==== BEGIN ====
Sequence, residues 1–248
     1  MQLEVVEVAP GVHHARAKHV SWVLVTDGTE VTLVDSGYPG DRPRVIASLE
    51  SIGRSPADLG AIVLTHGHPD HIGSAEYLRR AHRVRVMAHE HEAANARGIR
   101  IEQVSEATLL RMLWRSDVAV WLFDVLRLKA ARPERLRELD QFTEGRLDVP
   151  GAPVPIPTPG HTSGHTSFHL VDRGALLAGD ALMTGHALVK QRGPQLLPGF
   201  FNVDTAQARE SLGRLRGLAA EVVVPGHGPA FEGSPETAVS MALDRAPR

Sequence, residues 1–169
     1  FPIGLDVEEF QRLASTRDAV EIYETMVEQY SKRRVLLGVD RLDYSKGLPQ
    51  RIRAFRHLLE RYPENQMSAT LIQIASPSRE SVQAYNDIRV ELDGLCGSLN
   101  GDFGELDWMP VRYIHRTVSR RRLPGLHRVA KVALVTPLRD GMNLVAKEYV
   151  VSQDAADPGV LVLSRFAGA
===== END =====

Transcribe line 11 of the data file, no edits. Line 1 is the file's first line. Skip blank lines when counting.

   151  VSQDAADPGV LVLSRFAGA